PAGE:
He spoke to deaf ears, for Jock was already fighting for his place among
the crowd.  His cousin did the same, but with another purpose: his object
was to scale the stair.  He pushed against the pressure of the panic,
mountains were on his shoulders, and his ribs were squeezed into his body
as if with falling rocks.  His clothes were torn from his back, he lost
his shoes, and a frantic woman struck him on the face with the heavy key
of her door that with a housewife’s carefulness she treasured even when
the door it was meant for was burned, and the blood streamed into his
eyes.

He was still in the dark of the stair; the fire at least was not close
enough to stop his mounting, so up he felt his way in a hurry till he
reached Lord Duthie’s flat.  A lobby that led to the left from the
landing roared with flame that scorched him; a lobby on the right was
still untouched.  He hammered at the only shut door but got no answer,
plied the risp as well with the same result, then threw it in with a
drive of the shoulders.  He gave a cry in the entrance and, getting no
response, started to go through the rooms.  At the third the lady sat up
in her bed and cried at the intruder.

“The land’s on fire, ma’am,” said he quietly in the dark.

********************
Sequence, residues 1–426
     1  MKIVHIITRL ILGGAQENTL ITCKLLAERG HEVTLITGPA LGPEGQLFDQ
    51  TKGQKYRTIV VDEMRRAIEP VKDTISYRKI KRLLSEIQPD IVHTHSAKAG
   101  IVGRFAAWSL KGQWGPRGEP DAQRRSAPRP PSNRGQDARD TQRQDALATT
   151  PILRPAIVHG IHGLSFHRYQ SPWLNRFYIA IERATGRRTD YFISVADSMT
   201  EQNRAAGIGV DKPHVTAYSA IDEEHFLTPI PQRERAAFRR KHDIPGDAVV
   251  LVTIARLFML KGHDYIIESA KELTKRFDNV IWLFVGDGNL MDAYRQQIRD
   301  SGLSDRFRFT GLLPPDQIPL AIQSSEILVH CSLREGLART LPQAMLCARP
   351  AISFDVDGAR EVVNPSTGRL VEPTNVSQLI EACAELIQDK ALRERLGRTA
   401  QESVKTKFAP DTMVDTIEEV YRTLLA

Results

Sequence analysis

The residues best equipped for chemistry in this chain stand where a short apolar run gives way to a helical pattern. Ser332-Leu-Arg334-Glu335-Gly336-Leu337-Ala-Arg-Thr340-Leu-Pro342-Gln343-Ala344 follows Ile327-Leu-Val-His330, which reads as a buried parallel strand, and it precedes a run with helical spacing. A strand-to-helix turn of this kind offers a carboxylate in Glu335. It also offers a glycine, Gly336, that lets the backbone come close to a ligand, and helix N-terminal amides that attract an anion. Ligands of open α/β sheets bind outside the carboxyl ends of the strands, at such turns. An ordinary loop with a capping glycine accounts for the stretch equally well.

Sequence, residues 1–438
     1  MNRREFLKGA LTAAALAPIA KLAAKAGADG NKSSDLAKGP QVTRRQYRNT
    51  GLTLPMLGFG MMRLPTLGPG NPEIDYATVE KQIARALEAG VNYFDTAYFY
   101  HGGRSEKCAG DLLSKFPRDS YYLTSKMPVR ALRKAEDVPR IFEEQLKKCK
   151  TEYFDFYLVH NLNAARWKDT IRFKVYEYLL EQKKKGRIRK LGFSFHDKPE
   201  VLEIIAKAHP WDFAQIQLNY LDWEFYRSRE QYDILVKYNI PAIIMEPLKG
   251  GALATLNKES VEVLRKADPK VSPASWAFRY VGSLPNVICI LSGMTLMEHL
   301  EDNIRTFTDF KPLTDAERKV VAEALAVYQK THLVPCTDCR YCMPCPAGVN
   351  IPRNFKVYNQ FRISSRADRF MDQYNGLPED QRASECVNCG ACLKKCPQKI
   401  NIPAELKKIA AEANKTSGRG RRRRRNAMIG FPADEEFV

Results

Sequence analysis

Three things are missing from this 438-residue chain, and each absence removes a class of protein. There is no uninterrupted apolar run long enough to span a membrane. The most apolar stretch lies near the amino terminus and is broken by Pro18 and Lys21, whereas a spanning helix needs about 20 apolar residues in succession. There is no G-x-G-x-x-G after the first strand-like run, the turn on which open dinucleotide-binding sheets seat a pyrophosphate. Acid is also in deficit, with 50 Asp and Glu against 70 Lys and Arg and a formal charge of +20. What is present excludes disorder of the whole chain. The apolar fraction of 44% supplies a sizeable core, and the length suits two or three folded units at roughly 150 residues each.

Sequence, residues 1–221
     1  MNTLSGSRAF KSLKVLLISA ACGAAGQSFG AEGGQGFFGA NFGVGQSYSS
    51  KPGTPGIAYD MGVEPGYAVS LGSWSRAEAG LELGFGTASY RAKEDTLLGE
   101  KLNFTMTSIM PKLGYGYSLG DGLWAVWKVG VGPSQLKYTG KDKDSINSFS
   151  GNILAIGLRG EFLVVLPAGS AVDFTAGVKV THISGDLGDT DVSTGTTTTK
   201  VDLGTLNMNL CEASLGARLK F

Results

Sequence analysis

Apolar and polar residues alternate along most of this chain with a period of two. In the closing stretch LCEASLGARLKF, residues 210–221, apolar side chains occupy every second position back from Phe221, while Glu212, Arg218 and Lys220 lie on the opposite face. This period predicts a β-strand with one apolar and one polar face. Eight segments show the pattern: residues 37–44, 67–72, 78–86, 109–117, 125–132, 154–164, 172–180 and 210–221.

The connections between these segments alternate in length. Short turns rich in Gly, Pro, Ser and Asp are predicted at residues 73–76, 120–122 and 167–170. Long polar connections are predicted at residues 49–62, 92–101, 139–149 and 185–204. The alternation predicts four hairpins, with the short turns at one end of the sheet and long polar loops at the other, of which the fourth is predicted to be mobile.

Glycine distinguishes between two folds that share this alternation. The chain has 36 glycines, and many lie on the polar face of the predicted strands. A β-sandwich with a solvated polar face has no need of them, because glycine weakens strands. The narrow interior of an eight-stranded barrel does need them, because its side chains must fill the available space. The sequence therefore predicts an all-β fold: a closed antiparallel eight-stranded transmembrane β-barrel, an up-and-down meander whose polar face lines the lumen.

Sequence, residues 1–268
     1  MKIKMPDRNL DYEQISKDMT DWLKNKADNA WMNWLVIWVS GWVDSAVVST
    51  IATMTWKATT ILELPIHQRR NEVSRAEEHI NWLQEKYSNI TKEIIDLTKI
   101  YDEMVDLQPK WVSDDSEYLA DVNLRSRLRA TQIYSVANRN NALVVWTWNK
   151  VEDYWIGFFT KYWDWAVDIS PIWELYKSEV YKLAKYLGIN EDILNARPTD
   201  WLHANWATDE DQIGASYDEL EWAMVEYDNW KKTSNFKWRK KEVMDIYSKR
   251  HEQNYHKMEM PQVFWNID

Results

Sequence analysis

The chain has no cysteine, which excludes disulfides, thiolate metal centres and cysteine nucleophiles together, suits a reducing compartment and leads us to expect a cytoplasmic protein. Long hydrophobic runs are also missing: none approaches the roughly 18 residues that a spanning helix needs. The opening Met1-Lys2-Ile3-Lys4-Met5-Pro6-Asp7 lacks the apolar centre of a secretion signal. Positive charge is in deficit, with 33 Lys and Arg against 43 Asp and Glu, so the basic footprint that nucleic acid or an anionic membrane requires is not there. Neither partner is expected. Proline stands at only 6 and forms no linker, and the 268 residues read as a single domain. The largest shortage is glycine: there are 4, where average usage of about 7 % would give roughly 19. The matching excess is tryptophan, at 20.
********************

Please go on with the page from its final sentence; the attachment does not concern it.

“Fire!” she cried in horror.  “Oh, what shall I do?  Who are you?”

“Barrisdale,” said he, remembering his role and determined to make this
his last appearance in it.  “You have plenty of time to dress, and I’ll
wait for you on the landing.”

He went out with a sudden project in his mind, ran down the stair with
its litter of rags and footwear and found it almost vacant, the
obstruction at the bottom being cleared.  “Take your time, my friends,”
said he, “there’s not the slightest danger; the fire will not get this
length for half an hour yet.”

His cousin came back from the crush.  “As sure’s death, I’m glad to see
you and sorry I never bided,” said he.  “You never came on her; I knew
very well she must have got out at the outset.”

“Indeed!” said Barrisdale.  “As it happens, she’s yonder yet, and I had
the honour to wake her; I fancy she’s taking her hair from the
curl-papers at this moment.  You never had a better chance of getting
credit for a fine action very cheaply.  It was in the dark I wakened her;
I told her I was Barrisdale and would return when she was dressed.  You
may go back to her.”

“Man, I wouldn’t mind,” said the cousin; “but what’s the object?” he
added suspiciously.

“Only that I’m tired of being Barrisdale to suit you.  If you like to be
Barrisdale and carry your own reputation, you’ll have the name of saving
her life—one thing at least to your credit that’ll maybe make her forget
the rest.  With a creature so romantical, I would not wonder if it came
to the runaway match after all.”

“Faith, I’ll risk it,” said Jaunty Jock, and ran up the stair.  He came
down with the lady on his arm, and took her to a neighbour’s.

“And did you confess to your identity?” asked his cousin when they met
again.

“I did,” he answered gloomily.